Skip to main content

(Some) Things Are Different Now


Well, so a few things have changed this summer. One, I had another birthday, and two, I moved across the country. You know, not that big of a deal.

I would love to tell you all about this in a much deeper and profound kind of way but I think that will have to wait for another day. Instead this will be a kind of show and tell.



I tried to write in my journal the day after my birthday and this is what happened…




For those who can't read indecipherable handwriting, that says "can't write date, sign of aging?" 


When I told Future Husband about this, he laughed and said, “But that happens to you all the time.” Which is true, I have some kind of dyslexia that causes my brain to substitute inappropriate numbers and words into writing and conversation when I’m tired. I think that’s a thing. We will just say that it’s a thing, ok?




Future Husband also laughed when I told him cheerily a day later, “Today I actually LIKE being older!”

I make my Future Husband laugh a lot, but no big deal. I am (sometimes) the funny one.











 A picture of me and Future Husband. He’s the tall good-looking one.










The second week that I was out here I came up with a mini-stand up routine about driving in Boston, which I like to call “Surprise! I learned life skills in Tijuana!”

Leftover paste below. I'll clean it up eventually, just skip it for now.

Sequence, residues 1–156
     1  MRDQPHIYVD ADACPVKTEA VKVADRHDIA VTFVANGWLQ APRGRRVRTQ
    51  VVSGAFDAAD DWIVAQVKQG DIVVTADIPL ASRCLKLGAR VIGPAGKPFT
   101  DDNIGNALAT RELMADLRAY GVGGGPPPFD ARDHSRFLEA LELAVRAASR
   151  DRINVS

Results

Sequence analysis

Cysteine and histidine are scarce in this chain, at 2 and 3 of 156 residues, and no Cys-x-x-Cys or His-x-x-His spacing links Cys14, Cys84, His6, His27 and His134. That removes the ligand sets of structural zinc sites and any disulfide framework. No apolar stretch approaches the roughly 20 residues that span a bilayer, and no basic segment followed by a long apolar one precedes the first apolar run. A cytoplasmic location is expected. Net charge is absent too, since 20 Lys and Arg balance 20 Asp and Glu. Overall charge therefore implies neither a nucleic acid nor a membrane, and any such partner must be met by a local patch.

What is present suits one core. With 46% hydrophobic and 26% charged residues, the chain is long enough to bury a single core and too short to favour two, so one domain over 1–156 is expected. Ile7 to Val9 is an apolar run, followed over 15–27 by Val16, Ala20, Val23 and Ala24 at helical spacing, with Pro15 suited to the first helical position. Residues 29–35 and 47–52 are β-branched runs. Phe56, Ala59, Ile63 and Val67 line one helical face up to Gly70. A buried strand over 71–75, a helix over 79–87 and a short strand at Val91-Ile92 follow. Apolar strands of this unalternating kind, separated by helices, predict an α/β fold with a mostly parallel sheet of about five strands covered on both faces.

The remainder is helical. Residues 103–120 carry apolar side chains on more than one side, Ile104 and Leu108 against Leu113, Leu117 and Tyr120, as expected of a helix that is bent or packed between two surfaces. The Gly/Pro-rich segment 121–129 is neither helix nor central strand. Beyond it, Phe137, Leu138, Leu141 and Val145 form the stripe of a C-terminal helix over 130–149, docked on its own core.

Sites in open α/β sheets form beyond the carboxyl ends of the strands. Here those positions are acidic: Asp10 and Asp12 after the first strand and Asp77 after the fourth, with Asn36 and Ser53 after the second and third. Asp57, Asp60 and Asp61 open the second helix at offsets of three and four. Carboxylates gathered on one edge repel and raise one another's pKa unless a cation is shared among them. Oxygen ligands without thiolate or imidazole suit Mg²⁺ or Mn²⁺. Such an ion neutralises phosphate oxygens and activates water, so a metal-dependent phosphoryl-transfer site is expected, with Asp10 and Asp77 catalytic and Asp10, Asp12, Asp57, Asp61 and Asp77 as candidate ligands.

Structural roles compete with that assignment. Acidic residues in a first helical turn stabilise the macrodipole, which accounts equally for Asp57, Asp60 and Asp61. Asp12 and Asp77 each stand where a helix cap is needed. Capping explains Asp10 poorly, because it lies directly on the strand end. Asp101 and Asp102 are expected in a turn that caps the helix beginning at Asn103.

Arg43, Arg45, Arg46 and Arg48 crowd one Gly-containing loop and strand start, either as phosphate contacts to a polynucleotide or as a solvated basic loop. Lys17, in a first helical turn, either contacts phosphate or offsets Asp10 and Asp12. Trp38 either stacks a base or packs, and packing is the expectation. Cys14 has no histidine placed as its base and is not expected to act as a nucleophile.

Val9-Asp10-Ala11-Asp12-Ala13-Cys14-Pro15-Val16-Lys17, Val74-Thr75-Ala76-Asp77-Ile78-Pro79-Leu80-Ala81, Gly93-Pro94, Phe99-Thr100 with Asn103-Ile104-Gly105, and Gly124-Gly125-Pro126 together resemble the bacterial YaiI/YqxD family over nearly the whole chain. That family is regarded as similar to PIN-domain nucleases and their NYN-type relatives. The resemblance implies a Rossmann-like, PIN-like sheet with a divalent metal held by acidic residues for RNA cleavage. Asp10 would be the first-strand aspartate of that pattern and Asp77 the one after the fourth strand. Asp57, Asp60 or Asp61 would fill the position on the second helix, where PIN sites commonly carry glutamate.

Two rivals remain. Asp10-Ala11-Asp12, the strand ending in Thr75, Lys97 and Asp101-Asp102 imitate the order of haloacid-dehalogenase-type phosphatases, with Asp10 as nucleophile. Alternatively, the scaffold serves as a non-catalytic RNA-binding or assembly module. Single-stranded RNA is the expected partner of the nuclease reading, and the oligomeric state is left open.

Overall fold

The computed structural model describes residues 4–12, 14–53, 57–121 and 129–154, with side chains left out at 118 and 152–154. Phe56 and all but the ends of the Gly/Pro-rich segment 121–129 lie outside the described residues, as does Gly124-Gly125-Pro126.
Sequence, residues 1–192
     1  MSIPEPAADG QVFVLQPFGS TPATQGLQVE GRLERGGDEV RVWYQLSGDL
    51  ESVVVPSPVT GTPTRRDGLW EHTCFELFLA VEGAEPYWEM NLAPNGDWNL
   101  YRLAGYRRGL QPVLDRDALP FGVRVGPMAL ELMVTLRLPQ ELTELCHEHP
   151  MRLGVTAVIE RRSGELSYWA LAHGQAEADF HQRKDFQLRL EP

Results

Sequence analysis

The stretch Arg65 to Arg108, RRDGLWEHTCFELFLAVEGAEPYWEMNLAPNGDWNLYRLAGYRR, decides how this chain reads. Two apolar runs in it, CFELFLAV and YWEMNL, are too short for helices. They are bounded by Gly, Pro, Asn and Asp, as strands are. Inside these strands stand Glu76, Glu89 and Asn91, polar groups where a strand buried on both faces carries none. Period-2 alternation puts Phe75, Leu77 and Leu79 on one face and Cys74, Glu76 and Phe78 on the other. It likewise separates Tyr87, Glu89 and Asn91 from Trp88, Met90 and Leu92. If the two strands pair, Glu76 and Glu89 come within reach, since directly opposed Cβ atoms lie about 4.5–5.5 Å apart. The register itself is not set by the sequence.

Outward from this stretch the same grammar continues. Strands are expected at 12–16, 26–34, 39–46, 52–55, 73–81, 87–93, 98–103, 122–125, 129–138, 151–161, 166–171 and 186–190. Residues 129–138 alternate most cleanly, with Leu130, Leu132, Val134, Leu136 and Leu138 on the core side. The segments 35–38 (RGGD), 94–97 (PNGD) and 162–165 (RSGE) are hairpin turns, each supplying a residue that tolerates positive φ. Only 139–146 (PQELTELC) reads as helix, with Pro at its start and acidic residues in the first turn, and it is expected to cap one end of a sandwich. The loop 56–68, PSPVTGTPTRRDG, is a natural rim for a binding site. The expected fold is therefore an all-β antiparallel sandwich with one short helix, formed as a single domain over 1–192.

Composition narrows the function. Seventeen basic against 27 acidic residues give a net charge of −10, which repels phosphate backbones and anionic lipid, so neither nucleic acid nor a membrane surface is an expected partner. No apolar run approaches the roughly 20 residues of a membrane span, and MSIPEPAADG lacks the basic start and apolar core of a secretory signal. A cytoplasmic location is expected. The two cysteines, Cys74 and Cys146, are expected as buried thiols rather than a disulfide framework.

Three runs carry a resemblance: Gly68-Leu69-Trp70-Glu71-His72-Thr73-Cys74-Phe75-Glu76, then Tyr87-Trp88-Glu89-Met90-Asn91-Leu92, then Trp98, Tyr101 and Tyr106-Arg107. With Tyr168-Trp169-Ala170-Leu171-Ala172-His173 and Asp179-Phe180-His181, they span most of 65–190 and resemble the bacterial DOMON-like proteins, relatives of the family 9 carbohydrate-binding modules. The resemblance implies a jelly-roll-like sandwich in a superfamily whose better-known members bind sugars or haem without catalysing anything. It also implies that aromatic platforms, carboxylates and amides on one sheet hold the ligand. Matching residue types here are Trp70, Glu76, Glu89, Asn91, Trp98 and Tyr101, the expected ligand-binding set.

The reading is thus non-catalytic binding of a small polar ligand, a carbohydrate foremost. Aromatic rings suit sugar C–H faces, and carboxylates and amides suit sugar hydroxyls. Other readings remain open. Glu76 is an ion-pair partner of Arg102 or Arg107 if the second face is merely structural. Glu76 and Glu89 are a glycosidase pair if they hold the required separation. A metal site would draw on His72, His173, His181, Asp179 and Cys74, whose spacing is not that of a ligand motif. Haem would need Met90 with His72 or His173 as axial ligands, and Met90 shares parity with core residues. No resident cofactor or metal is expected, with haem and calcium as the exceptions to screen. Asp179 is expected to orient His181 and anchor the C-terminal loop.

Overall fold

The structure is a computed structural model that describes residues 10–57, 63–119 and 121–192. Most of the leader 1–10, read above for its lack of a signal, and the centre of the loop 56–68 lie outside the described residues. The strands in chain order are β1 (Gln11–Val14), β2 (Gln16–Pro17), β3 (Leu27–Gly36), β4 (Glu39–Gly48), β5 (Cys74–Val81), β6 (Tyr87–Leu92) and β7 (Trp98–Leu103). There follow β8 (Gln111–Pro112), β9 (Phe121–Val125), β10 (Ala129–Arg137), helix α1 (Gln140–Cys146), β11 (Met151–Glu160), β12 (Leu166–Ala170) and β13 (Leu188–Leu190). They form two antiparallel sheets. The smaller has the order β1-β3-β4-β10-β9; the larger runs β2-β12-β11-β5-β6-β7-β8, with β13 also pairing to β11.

This IS true. I learned how to be sick in the middle of the night in Tijuana, how to paint houses, how to dig ditches, and how to access my alternate “Fast and the Furious” personality and drive like a speed demon manifesting.

The streets in Boston take a major beating every year from all the snow, rain and ice and things, so they have a lot of character.  By “character” I mean that they have a lot of holes and surprising bumps and they are pretty hard on your shocks and suspension. Another delightful thing is that seemingly everyone feels the need to shout through car windows at other drivers just for driving on the same road. At first all of this yelling made me angry, because “Hey, I grew up in LA, and I am good at merging. Save your road rage for something that really matters!” But now I try to consider that these people might simply enjoy yelling and I try to let the waves of unnecessary frustration roll over me. It would be a very Zen experience if I was actually good at it, but I’m not.

Driving on the streets of Tijuana Boston is a loud and chaotic adrenaline rush, as you dodge pot holes, pedestrians, and hear voices raised in loud cries of indignation and despair. Instead of Federales demanding bribes, you may find that nearly every bridge demands a toll. You want 4 dollars for me to cross this bridge, really Boston, really?!?!?! I think my GPS is in collusion with the transportation authority because it always seems to take me by the most expensive "direct" route.